The guys you see on the picture are not firefighters. They are IT researchers who went to a firefighting exercise, put on all the equipment and actually followed the firefighters following their process to understand how this environment looked like. Quite quickly they realized that all of the ideas they had, you can just throw them out - like you're not going to put any additional equipment on a firefighter. He's already carrying around the 20 kilos (Adam - 45 pounds).
He has gloves on, he doesn't see [anything]. So what kind of IT equipment are you going to give him? An interesting result all of this whole exercise was and I'm interested whether you come to the same conclusion.
So what do you think the firefighters themselves said was the most important tool when they are going out to an emergency situation? [Audience responds]
Nope not the radio. Oxygen mask could be a possibility but no. They actually said a badge. They usually have a couple of badges with them like wooden badges because it's all around tool - they can break things open, they can use it as a hammer, they can put it under things that they want to hold in place. So although it seems quite counter intuitive given that a large wooden badge has quite some weight but they carry them around when they go into situations.
So motivated with all this, I wanted to integrate privacy into stress modeling. How do I understand my users, how do I understand that environment they're going to work in.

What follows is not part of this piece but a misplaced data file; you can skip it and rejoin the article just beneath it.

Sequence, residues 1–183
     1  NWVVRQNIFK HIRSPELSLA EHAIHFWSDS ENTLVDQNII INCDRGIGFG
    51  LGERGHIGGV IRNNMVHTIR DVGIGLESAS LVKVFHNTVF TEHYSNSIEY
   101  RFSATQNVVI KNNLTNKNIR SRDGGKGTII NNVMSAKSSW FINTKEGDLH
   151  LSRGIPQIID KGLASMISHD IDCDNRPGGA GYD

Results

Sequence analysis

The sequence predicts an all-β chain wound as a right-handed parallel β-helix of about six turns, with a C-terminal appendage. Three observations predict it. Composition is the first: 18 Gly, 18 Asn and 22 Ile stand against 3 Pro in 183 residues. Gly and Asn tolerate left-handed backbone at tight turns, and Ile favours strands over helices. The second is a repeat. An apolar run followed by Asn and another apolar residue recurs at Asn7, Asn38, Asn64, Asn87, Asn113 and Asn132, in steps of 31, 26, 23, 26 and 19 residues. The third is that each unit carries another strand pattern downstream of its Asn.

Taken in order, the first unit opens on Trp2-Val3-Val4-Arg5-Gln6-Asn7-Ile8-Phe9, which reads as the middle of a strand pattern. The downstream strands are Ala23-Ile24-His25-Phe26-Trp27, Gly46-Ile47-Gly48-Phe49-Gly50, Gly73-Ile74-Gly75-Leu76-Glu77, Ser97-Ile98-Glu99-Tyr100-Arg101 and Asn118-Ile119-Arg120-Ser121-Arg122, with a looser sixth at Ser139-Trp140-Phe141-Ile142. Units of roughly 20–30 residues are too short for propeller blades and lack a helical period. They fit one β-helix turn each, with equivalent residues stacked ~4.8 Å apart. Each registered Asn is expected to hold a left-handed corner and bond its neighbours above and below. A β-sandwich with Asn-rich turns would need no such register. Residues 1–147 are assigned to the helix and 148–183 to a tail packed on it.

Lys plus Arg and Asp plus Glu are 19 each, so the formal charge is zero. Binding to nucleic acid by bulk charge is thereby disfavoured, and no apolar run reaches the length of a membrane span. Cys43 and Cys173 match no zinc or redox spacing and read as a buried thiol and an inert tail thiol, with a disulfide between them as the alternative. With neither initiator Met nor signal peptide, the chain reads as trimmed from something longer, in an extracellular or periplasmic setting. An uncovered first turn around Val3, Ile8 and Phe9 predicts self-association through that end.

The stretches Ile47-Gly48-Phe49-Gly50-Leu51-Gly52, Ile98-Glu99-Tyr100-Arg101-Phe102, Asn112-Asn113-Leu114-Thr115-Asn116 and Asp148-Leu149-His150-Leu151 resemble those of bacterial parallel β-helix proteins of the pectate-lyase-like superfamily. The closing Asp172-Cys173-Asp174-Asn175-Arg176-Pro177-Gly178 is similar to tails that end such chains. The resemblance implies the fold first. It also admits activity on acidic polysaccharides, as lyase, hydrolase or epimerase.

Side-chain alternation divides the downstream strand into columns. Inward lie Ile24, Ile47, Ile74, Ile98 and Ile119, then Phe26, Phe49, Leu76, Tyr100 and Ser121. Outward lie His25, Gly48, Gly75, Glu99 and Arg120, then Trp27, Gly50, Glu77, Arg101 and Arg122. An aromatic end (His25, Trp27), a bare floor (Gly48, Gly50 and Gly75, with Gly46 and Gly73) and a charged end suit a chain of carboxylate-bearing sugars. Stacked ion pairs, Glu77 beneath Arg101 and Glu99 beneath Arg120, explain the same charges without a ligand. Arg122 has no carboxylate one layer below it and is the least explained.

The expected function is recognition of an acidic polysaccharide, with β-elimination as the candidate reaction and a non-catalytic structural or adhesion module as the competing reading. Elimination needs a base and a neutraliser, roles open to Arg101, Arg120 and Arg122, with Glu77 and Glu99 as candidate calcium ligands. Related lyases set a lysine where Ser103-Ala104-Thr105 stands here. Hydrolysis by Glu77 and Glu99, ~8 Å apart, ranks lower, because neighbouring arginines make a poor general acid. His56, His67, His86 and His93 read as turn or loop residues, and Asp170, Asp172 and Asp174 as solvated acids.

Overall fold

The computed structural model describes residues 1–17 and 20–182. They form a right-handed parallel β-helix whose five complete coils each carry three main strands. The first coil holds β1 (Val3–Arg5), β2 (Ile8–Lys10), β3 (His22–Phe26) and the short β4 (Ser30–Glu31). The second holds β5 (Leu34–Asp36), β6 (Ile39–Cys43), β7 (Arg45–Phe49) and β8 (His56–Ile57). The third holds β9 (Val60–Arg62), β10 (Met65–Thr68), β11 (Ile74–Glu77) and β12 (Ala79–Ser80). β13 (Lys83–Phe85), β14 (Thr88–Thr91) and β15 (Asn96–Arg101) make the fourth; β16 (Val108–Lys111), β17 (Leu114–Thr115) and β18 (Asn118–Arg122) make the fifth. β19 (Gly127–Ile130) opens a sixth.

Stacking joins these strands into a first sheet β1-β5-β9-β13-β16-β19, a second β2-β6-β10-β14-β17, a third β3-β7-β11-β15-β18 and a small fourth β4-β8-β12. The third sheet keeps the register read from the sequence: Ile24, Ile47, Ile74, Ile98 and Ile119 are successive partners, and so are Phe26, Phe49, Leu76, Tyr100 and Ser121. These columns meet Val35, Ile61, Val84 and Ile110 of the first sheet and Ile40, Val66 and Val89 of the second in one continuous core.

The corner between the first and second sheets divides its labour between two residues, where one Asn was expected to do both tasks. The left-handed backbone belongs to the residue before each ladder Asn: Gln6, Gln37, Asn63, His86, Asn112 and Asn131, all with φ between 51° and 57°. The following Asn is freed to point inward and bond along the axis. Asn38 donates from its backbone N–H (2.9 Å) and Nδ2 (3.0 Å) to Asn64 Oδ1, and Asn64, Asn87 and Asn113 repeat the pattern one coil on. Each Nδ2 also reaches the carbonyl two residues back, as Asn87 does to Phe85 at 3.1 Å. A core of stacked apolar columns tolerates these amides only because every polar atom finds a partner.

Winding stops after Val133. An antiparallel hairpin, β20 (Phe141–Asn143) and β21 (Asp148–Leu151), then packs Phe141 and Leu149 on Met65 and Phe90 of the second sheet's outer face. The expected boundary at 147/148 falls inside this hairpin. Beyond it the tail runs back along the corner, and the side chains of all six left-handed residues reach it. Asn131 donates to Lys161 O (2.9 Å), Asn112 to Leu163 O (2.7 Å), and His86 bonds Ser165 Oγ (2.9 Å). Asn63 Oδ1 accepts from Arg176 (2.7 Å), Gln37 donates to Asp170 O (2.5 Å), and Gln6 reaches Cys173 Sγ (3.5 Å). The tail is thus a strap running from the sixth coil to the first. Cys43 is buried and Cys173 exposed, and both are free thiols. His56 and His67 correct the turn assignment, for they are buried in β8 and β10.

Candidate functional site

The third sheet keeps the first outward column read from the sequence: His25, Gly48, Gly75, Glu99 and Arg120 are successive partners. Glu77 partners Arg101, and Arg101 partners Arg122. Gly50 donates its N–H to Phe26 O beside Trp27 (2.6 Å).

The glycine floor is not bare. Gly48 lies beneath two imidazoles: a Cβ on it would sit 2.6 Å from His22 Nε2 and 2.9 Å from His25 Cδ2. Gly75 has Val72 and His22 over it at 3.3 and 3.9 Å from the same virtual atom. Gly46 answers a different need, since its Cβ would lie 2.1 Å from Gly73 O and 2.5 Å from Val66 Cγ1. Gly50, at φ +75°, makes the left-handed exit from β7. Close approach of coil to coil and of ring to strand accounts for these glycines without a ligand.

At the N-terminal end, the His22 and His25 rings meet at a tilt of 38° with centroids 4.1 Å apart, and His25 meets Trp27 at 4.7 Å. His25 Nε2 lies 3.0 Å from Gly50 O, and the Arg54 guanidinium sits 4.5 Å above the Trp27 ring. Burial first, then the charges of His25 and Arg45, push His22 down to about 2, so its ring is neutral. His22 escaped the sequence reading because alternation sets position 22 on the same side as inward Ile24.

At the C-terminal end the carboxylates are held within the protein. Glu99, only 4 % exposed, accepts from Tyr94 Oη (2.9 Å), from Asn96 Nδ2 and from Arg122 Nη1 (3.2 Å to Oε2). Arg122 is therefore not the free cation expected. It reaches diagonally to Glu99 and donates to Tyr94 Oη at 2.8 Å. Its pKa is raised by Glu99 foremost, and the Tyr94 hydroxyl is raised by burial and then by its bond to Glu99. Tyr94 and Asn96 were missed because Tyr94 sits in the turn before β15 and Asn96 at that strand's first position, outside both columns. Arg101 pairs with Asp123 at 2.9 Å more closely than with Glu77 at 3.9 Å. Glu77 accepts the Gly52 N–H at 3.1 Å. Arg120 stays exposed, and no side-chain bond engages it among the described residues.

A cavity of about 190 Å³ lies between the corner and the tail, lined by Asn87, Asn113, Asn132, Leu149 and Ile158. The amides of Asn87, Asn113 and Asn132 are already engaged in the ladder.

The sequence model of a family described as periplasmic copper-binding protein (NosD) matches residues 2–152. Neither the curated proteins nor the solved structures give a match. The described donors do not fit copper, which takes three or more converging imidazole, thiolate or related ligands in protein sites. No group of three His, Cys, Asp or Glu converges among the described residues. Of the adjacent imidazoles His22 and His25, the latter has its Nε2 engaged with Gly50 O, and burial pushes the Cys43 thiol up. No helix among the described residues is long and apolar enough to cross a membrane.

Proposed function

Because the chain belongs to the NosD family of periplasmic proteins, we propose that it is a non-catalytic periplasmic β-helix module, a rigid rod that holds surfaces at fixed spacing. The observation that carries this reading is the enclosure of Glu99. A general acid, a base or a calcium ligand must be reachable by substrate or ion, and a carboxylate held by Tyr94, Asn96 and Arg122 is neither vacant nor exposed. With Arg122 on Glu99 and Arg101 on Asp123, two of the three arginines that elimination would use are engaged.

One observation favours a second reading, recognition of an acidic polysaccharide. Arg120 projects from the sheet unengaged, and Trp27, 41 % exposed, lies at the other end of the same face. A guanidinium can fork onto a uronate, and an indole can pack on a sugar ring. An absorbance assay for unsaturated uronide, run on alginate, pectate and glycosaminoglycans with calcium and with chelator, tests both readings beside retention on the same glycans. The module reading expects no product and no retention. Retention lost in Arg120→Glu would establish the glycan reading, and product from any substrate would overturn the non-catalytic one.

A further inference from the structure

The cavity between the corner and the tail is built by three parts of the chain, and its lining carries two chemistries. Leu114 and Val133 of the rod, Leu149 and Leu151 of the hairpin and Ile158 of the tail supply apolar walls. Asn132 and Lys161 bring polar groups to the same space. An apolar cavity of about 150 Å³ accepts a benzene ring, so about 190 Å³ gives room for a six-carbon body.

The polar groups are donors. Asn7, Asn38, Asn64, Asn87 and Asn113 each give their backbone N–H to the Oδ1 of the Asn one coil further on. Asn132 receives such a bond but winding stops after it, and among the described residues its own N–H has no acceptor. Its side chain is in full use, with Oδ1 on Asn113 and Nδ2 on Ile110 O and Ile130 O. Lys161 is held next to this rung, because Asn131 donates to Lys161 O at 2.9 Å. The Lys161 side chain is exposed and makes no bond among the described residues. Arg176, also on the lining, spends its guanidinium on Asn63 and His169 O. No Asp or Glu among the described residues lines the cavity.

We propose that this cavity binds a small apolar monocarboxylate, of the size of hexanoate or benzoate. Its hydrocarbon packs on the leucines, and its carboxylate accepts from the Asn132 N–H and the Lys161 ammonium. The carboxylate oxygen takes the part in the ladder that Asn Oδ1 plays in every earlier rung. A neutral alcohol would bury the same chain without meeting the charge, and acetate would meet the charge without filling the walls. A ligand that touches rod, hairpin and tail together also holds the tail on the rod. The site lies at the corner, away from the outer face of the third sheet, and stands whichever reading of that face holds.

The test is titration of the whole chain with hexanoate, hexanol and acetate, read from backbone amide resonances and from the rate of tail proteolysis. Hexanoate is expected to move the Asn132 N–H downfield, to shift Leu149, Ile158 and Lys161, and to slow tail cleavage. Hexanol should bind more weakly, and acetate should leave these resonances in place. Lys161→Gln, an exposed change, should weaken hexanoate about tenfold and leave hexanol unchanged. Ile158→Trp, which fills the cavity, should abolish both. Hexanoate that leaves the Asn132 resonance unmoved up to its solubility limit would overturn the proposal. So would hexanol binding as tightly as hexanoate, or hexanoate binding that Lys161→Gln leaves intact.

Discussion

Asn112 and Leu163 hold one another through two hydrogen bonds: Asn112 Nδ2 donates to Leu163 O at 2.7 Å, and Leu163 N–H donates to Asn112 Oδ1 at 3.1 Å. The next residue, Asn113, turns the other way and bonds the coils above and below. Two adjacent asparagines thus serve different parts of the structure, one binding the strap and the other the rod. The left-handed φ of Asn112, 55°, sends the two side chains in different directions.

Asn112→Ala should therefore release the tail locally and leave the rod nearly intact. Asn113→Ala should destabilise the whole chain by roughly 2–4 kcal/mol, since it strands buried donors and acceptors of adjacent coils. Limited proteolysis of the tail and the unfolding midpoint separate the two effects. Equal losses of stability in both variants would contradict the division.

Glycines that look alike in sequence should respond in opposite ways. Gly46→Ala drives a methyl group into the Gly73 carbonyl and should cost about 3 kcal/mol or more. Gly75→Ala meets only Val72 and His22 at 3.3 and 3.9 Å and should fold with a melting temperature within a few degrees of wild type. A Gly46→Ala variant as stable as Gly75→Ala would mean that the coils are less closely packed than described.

Fortunately as I said we were towards the end of our GDPR preparation so we had a bunch of JIRA items which specifically called out engineering tasks which needed to be done for GDPR compliance. In the threat modeling session, we had the engineers in there so those JIRA items were something they could understand. Additionally we had around 15 products which we actively developed so it wasn't too narrow of a set of requirements that I was able to look at but like a huge portfolio depending on where the specific product started, which culture, what kind of target audience it initially had so there were a bunch of interesting items in there. Items which included removing inactive profiles or anonymizing IP addresses or implementing the cleanup job which removes personal background images. So based on these two items I was basically able to compile a list of topics which should be discussed during a privacy chat session.
The next question was okay so I'm going to move privacy into the threat modeling session but how is that going to look like - Do we do the elevation of privilege card game and then switch to something else? Are we going to look at the diagram and start pointing out things or go to the checklist, etc.
It made sense to integrate privacy into the card game itself. So how does that look like integrated into the card game. First of all we needed some cute icons like the one with the monsters. That's also a fun experience but that's not the important part of it.
But the hint texts which are on the cards are very good for the developers because looking into this flow model they're not as detailed to actually turn them into a checklist and get developers bored and think that they're just ticking boxes. They are also not so abstract or so security specific that they can't relate to it. So the idea here was that in order to create texts or hints which are key for developers, I created like small scenarios for all the topics that I identified.
For example one of the scenarios was that someone uses a restaurant recommendation app which based on previous restaurants visits compares it with the restaurant persona of other users and identifies further restaurants which are worth visiting.